The LK10 Mission
The LK10 mission is to join with Jesus in starting and nurturing vibrant families of Jesus (nuclear families, house churches, small groups, etc.). One essential aspect of this work is equipping people to connect with one another on the heart level, which allows people to do what Dr. Jim Wilder calls “build joy”. Joy means being glad to be together no matter what. It is that feeling you get when you are the sparkle in someone’s eye. Building joy together is one of the most important activities we could ever do together because from this foundation flows all maturity and resilience. That is why one of our core values is connecting with one another on this heart level.
One practice that helps us live out that value is “checking in” using SASHET: Sad, Angry, Scared, Happy, Excited, Tender. We practice sharing how we are feeling in almost all of our gatherings. From our daily CO2s, to our families gathered around dinner tables, to our weekly small group or simple church meetings, we check in. Even in our leadership meetings, we have found that with a simple check in round, our hearts are connected and we become more relational even through difficult discussions.
By regularly listening and sharing our hearts, friends, couples, households and small groups are given a natural, yet transformational tool that helps them practice many relational skills such as: joy, quiet, appreciation, bonds for two, family bonds and recovering from complex emotions. Here are some of the other benefits of this practice.
We gain the ability to “Weep with those who weep”, and “Rejoice with those who rejoice.”
Romans 12:15. Generally speaking, it’s easier for us to share the joyful things and to rejoice with those who are in a good place. However, when a church of almost any size meets together, it’s inevitable that there will be some who are sad. Some parent is hurting over one of their children. Someone has lost a job. Someone has experienced a death in the family. To live this life is to suffer loss. Dr. Wilder teaches that true joy is being glad to be together even in these more difficult emotions. God intends that the community called “church” is the place where we receive this kind of support.
But, often, church is the one place we have been trained not to weep. Many of us have found it unsafe. We either get unsolicited advice, or we are seen as not trusting God. The reality is that people are scared of the heavier emotions like anger, fear, shame, disgust, sadness, and hopelessness. They become uncomfortable when these emotions are shared and therefore try to fix the other, change them, or shame them into not feeling that way anymore. Interestingly, the only way through these emotions is to know that someone is glad to be with us in them.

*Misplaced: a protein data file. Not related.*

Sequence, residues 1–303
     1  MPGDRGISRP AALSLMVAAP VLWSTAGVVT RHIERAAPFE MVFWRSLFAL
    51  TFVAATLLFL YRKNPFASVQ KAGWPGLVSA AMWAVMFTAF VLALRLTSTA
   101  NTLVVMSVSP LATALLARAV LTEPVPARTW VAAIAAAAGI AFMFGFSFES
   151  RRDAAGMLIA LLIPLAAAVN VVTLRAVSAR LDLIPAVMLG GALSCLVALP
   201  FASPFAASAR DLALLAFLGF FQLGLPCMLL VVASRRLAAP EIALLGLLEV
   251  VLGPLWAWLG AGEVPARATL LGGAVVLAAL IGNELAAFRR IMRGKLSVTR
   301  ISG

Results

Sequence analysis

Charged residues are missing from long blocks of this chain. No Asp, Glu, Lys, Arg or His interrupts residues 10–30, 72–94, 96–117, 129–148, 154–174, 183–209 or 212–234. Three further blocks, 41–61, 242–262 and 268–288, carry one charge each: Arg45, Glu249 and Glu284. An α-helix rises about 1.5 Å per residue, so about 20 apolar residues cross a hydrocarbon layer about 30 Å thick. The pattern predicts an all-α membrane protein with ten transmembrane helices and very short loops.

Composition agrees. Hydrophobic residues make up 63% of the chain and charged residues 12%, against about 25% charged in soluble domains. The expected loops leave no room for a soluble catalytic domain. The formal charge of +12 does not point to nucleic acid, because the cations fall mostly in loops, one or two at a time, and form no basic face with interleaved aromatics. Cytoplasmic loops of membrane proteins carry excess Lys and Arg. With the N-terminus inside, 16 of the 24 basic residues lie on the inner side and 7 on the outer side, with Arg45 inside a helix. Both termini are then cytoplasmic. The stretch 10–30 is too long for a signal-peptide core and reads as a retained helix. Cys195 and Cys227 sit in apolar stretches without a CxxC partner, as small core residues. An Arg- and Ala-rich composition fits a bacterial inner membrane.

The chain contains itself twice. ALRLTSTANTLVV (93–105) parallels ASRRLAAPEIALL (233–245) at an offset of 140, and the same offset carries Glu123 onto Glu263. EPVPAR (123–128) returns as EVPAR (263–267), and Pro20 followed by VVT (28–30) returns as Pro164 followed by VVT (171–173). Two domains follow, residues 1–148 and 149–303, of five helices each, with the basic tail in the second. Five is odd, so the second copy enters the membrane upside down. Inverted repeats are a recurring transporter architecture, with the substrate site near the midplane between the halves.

When we begin the meeting with SASHET, we find out who is sad, angry or scared this week. Then, we can obey Scripture by listening deeply to them and even weeping with them. This is the very nature of a healthy body. As Paul says in 1 Cor. 12:26, “If one part of the body suffers, every part suffers with it.
Walter Brueggemann on embracing the “darkness” of life and the heavier Psalms says, “It’s no wonder that the church has intuitively avoided these psalms (of disorientation). They lead us into dangerous acknowledgement of how life really is. They lead us into the presence of God where everything is not polite and civil… They lead us away from the comfortable religious claims of “modernity” in which everything is managed and controlled… The remarkable thing about Israel is that it did not banish or deny the darkness from its religious enterprise. It embraces the darkness as the very stuff of new life. Indeed, Israel seems to know that new life comes nowhere else.” The Message of the Psalms by Walter Brueggemann, p. 53.
Examples of Psalms of disorientation and lament: 13, 22, 30, 35, 74, 79, 86, 88, 137.
Checking in gives the church a simple practice that not only nurtures emotional health, but helps us obey scripture.
We learn how to “Practice hospitality” (Romans 12:13).
Imagine you are going to a small group or a house church for the first time. It can be awkward, especially if you are a little introverted to begin with. What do you talk about? You wonder how this kind of group/church works. What are the “rules”? And, do all of these other people already know each other? It’s easy to feel like an outsider.
By starting the meeting with a “check in”, visitors and regulars are placed on the same footing. The “rules” are very simple. After one or two people share, you can quickly see how it’s done. You can share at any level of vulnerability you are comfortable with so, you feel safe. Checking in moves the whole group beyond the level of “small talk”. It provides an easy starting place for lots of other follow-up conversations. In the course of one meeting, you are part of the community. No longer an “outsider”.